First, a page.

Politricks — A Filipino Game for Laughing, Weeping Purposes

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The first and only edition so far of Politricks (2016) is currently available for PhP 499 600 in certain gaming stores and cafés in Metro Manila.

Being a politician in the Philippines is both the best and worst situation to be in. On one hand, if you’re into service and all things that statesmen ideally do, opportunities abound to contribute to nation-building, primarily because there are so many things that ought to be improved on. On the other hand, Filipino politicians hardly ever come without a stigma of corruption. This game celebrates the fact of the latter.

From the Box: “[A] card game about winning the elections at all costs, even at the expense of everyone else.”

Learning Curve: Comme ci, comme ça – only because the instructions that come with the game are unclear on some scenarios (e.g. taking/stealing of currency from other players, returning of votes).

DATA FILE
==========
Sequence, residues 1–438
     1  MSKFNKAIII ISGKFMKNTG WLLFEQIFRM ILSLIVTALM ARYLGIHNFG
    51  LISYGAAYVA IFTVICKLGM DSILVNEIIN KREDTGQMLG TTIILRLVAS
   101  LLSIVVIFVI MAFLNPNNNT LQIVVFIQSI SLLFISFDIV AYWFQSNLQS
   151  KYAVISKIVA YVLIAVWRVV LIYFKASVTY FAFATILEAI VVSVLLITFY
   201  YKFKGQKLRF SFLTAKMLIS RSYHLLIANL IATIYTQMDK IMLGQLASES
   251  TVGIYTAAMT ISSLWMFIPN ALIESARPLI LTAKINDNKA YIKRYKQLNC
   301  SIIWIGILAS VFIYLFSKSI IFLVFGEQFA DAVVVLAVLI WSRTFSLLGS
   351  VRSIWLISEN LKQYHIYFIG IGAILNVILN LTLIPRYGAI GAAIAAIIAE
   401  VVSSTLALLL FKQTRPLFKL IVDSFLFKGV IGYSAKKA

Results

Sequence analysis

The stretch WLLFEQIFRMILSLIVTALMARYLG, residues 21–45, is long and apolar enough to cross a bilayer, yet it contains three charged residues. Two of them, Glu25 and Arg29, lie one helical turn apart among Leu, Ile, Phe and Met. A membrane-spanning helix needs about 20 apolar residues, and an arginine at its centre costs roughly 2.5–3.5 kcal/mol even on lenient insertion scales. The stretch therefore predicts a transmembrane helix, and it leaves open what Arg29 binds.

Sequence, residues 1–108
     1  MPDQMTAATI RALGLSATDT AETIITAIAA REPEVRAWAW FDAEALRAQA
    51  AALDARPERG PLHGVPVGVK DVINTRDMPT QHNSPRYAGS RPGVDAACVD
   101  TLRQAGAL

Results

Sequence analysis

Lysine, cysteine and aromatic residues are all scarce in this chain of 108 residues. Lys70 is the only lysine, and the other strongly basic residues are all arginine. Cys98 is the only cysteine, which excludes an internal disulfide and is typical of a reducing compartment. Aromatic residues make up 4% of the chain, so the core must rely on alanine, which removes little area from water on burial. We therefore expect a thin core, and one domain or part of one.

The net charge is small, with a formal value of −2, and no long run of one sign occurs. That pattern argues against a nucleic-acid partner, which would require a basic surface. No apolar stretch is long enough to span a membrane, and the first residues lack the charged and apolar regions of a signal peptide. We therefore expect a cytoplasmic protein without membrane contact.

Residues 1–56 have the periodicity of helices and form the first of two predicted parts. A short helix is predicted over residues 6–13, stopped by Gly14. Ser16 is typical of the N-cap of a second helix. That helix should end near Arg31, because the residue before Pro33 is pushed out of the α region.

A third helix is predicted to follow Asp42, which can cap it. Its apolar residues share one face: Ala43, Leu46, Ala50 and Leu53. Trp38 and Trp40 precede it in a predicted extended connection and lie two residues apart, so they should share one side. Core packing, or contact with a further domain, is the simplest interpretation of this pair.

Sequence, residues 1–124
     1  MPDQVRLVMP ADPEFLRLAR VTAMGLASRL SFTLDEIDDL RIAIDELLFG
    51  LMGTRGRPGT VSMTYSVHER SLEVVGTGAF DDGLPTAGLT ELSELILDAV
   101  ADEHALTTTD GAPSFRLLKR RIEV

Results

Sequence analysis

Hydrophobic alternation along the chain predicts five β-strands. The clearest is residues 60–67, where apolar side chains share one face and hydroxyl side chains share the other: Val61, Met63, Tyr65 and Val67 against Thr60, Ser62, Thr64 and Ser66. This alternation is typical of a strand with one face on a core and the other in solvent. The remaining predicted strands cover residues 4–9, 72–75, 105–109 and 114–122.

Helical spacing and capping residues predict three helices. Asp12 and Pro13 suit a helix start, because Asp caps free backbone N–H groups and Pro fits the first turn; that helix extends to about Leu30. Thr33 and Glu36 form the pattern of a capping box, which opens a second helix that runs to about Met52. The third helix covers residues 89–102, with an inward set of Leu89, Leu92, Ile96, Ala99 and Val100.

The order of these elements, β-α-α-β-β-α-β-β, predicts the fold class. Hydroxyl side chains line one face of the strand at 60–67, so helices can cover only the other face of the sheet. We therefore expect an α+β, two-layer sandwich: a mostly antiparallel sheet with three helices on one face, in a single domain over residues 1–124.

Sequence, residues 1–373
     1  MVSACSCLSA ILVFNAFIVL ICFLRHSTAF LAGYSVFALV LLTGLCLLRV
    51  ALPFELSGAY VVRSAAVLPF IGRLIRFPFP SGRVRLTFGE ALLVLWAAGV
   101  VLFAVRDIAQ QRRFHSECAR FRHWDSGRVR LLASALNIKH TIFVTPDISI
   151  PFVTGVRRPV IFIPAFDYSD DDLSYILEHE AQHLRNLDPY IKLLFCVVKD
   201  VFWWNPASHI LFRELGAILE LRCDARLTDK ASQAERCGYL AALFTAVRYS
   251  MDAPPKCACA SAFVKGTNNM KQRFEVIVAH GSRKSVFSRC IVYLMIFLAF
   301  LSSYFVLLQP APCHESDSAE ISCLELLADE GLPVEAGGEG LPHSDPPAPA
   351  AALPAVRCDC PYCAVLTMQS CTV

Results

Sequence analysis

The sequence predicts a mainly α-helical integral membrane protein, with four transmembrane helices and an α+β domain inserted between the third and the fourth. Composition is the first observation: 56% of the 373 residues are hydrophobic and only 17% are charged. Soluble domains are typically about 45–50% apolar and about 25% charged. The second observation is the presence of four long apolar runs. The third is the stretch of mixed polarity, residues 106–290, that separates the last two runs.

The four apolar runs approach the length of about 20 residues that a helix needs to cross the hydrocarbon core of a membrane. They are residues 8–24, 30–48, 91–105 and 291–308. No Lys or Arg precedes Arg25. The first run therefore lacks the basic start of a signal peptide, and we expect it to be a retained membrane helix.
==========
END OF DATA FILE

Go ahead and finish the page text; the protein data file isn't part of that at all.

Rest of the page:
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The Candidate cards, used supposedly for advanced play but recommended for beginners anyway, are caricatures of traditional political figures in the Philippines. The people they represent are commonly known as ‘trapos’ (literally, ‘rags’).

-Esques

  • Monopoly Deal – reliance on a currency for the game to progress;
  • Cards Against Humanity – requirement of willingness to play dirty to win;
  • Look Who’s Back by Timur Vermes (2012) – popularization to some extent of a highly taboo topic.

Edge: The game’s brand of humor is distinctly Filipino. This could be a disadvantage if the game is introduced to foreign markets (which may or may not happen). On the other hand, this is a comprehensive way of introducing Philippine politics to non-Filipinos.

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Edge: The Vote cards, which translate into points at the end of the game, are pictured as major cities and regions in the Philippines. The art is fantastic, but the value of each card is also telling of how significant each place is from the POV of ‘Imperial Manila.’

Verdict: Buy it. Politricks is a fairly niche game, and a surprisingly inexpensive one at that. Politics in the Philippines is something that can be and is already commented on by everyone – from street vendors to swanky Armani-clad CEOs. The game is bound to leave at least one player laughing (and/or weeping and/or ranting) at the situation of the country.

 

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